funding from the American Midwifery Certification Board (AMCB) with an aim of extending
the reach of registry participation beyond ACNM members and providing a more
accurate "data picture" of midwifery in the United States.






ACNM is also participating with multiple professional
societies and stakeholders in the ACOG-sponsored Women's Health Registry
Alliance, working with a common mission to "improve women's health outcomes
through collaboration in use and development of multiple databases and
registries." Finally, ACNM has joined the Obstetric Health Information
Initiative, sponsored by the Society of Maternal-Fetal Medicine, to work toward
common standards for data and clinical content in electronic health records
(EHRs).






What is the Maternity
Neighborhood?



Maternity Neighborhood is a mission-driven digital health
company working to improve maternity care. Co-founded by a midwife, the company
launched its first product, the Private Practice EHR in 2011, which won
recognition as one of the top 50 Health IT innovations in 2012 by the Institute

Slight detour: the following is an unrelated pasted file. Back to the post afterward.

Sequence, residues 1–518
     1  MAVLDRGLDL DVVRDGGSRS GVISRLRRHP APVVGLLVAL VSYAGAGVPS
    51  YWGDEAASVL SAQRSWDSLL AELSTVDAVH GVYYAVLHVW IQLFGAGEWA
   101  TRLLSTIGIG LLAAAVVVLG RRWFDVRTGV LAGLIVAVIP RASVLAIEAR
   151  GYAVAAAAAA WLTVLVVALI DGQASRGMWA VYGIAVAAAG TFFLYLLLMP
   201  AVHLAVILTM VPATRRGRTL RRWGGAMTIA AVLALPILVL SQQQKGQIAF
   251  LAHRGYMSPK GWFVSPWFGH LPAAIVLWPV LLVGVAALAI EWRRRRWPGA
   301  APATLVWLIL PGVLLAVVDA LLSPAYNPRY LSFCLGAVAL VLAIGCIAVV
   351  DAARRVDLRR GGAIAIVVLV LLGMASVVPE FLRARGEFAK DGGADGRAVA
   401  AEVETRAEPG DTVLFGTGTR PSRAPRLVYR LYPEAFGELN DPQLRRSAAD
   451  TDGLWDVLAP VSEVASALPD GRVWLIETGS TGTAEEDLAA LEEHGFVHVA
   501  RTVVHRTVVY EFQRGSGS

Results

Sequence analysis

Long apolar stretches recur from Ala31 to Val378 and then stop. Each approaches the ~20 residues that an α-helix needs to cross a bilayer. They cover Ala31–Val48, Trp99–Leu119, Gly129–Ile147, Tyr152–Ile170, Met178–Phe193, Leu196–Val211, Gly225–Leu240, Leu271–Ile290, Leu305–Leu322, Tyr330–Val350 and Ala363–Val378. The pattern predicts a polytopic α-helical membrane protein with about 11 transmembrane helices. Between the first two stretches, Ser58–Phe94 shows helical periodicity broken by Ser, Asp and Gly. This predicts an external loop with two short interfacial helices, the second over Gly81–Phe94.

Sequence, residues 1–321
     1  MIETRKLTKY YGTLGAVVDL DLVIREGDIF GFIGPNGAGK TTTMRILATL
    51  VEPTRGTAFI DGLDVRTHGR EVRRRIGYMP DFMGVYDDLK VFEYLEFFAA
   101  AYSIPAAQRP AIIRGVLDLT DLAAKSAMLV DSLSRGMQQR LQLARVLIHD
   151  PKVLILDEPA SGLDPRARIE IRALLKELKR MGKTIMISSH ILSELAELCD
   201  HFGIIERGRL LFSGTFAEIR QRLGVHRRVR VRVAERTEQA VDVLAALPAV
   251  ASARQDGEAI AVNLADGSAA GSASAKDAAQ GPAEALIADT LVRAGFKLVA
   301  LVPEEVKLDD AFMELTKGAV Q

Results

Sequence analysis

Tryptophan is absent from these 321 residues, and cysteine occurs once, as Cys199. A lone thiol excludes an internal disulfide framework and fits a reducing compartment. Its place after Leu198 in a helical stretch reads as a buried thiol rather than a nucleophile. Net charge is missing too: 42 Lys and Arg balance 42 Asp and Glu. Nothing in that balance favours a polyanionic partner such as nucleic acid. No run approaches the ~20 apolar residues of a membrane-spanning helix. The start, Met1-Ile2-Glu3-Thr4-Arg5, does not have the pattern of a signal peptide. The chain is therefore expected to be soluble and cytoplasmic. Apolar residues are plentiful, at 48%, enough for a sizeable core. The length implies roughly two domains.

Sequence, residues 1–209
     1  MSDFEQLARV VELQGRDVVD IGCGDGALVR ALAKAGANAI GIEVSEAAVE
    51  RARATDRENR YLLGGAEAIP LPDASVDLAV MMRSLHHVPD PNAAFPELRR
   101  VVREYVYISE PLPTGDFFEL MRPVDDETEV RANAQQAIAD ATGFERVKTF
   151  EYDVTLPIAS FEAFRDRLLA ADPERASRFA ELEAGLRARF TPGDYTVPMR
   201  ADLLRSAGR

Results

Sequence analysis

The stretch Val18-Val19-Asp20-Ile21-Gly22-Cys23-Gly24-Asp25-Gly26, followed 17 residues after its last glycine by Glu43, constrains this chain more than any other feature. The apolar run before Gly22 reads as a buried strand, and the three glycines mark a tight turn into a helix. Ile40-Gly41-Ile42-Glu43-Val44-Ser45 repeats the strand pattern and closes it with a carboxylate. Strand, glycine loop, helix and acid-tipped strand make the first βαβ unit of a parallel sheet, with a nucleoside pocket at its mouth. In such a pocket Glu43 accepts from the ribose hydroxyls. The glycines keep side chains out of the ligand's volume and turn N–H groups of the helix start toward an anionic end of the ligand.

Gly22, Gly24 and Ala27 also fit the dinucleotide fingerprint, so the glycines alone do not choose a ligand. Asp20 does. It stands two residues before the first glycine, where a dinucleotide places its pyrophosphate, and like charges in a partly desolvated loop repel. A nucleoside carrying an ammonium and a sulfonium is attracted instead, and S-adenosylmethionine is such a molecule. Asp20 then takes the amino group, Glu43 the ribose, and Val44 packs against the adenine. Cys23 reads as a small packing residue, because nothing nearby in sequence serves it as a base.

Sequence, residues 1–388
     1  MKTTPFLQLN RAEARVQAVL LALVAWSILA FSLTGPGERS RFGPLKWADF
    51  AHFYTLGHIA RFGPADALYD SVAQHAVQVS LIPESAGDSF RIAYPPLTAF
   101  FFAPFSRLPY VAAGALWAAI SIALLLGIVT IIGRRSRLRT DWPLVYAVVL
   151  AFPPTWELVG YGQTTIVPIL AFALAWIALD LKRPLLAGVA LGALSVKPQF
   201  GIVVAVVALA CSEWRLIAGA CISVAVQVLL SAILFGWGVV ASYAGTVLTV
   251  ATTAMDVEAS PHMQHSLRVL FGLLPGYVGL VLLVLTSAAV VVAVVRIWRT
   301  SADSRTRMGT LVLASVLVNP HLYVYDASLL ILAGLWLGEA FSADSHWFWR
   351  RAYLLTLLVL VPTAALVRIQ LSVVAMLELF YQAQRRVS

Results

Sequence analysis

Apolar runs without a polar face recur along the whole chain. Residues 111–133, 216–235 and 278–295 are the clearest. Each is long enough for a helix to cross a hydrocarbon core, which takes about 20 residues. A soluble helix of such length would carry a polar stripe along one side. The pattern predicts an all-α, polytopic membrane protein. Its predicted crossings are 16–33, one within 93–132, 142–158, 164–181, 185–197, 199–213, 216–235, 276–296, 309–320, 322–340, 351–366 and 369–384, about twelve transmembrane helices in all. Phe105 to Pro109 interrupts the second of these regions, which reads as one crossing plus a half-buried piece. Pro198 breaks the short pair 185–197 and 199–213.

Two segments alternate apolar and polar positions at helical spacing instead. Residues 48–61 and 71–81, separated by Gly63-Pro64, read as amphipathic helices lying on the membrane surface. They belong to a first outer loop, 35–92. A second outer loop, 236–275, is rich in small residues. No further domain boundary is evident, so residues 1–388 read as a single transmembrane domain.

of Medicine. In addition to developing a growing suite of products to support
clinical care and practice management, Maternity Neighborhood has developed a
secure data platform to enable partners to share data for multiple uses,
including research and quality improvement. In 2013, the company contracted to
become the technology partner for the American Association of Birth Centers
"Strong Start" grant from the Centers for Medicare & Medicaid Services
(CMS), and migrated AABC's Perinatal Data Registry (PDR) to the platform.






Also in 2013, Maternity Neighborhood completed a Technology
Development Plan for patient-level data collection, storage, and analysis of outcomes
by Certified Nurse-Midwives (CNMs) and Certified Midwives (CMs). The 3-month
project involved key informant interviews with internal and external
stakeholders; a survey of the ACNM membership exploring attitudes about and use
of health IT and participation in data collection; analysis of relevant
research, reports, legislation, and commentaries to identify trends and factors
in the broader landscape; and a day-long workshop with ACNM leaders. The
Technology Development Plan is available at
http://www.midwife.org/Future-Midwifery-Data-Collection.
Interested members can learn more about Maternity Neighborhood at
www.maternityneighborhood.com.






What about privacy
and data security?